print article

Swollen Lymph Nodes

Lymphatic System
Get Adobe Flash player
The lymphatic system is an important part of the body's immune system. It is made up of a network of lymph nodes and vessels which make and move substances that fight infection by destroying micro-organisms in the body. Examples of lymph nodes include the tonsils and adenoids.

What are lymph nodes?

The body has over 600 lymph nodes, or "glands”. Most lymph nodes are found in groups near the armpit, groin and neck. They are also found in the chest and abdominal cavities away from the surface of the skin. Most parts of the body have lymph nodes except for the brain and heart.

The size of normal lymph nodes can range between 0.5 to 1.5 cm, depending on where they are located. In general, lymph nodes are about the size of a pea.

Lymph nodes are an important part of the immune system. They help stop the spread of infection. They act like tiny filters, catching viruses and bacteria for white blood cells to destroy. They also produce substances that help kill infection-causing germs.

Swollen lymph nodes (lymphadenopathy) are common in children. Because young children are constantly being exposed to new infections and antigens, their lymph nodes are often larger than those of adults.

Causes of swollen lymph nodes

Lymph nodes can swell because they are reacting to an infection or they are infected.

Reactive lymph nodes

Your child’s lymph nodes will swell in a certain part of the body when they are fighting an infection nearby. If the lymph nodes are infected by a virus, such as a cold, or a bacteria, as in a strep throat, they can grow to about two centimetres in the neck area. This slight enlargement, along with mild tenderness, means the lymph nodes are reacting to the infection and working well to control it.

Infected lymph nodes

If your child’s lymph nodes are very tender and grow to more than four centimetres and the surrounding skin turns red, the lymph nodes may be becoming infected themselves. This condition is known as lymphadenitis.

Lymphadenitis is treated with antibiotics. Children who have lymphadenitis with a high fever, significant pain and difficulty drinking or swallowing, may need to be admitted to hospital for IV antibiotics.

Other possible causes of swollen lymph nodes

  • Cuts, burns, skin infections, rashes and insect bites may cause lymph nodes to get larger.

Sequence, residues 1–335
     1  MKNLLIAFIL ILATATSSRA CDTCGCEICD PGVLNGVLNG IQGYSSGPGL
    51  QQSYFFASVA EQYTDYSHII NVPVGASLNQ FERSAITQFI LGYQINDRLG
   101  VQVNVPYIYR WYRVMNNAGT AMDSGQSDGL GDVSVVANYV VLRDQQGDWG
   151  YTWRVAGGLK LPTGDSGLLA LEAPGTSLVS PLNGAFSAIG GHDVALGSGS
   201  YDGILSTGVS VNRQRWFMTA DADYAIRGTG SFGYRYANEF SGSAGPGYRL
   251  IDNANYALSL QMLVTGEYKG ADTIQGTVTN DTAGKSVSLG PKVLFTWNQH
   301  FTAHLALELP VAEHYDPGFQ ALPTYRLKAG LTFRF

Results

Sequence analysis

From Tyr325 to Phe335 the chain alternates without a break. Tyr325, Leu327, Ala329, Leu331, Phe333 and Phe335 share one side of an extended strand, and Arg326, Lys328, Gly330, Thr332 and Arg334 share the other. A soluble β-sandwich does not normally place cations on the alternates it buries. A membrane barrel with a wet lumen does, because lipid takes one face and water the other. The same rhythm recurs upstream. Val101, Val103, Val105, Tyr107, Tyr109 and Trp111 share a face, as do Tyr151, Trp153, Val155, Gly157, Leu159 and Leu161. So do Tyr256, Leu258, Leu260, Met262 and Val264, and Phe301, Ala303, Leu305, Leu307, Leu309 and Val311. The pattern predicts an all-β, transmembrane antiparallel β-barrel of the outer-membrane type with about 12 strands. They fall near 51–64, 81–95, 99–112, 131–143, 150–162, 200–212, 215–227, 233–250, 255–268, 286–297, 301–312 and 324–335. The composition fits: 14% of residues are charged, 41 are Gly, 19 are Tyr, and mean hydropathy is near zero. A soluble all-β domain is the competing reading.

• Swollen lymph nodes in the groin could mean your child has an injury near their lower abdomen or legs.
  • Swollen lymph nodes in the armpit could mean your child has an injury near their arms or upper chest.
  • Swollen lymph nodes on the back of the neck could mean your child has an injury on their scalp.
  • Swollen lymph nodes on the front of the neck could mean your child has a cold or throat infection​.

How to treat symptoms of swollen lymph nodes

Swelling

Swollen lymph nodes caused by a viral infection will shrink to normal size on their own in about two to four weeks. If your child has a bacterial infection, their doctor may prescribe antibiotics to treat the underlying cause of the swelling.

Avoid squeezing swollen lymph nodes. This may irritate them further and prevent them from shrinking back to normal size. In some cases, it can take up to one month or more for the swelling to disappear completely.

Pain

For pain or fever, you can give your child acetaminophen or ibuprofen​ as directed on the bottle or by your child’s doctor.

When to see a doctor

Make an appointment with your child’s doctor if:

  • your child has a fever
  • your child develops a sore throat
  • the lymph nodes continue to grow or do not shrink to normal size over many weeks
  • your child develops unusual bruising
  • your child is bleeding excessively from the nose or mouth
  • your child is losing weight.

Seek urgent medical attention if:

  • the skin around the swollen node is red and painful
  • the node grows to four or more centimetres across
  • a node in the neck is very swollen and your child has difficulty breathing or moving their head.

Key points

  • Lymph nodes swell when they are fighting an infection.
  • Treatment for swollen lymph nodes depends on the cause.
  • Swelling due to viral infections, like the common cold, will disappear on its own.
  • Swelling due to bacterial infections, like strep throat, will disappear with antibiotics.
  • Give your child acetaminophen or ibuprofen to treat pain or fever.
  • Make an appointment with your child’s doctor if they develop unusual bruising or are losing weight.
Shawna Silver, MD, FRCPC, FAAP, P.Eng
6/19/2014




Notes: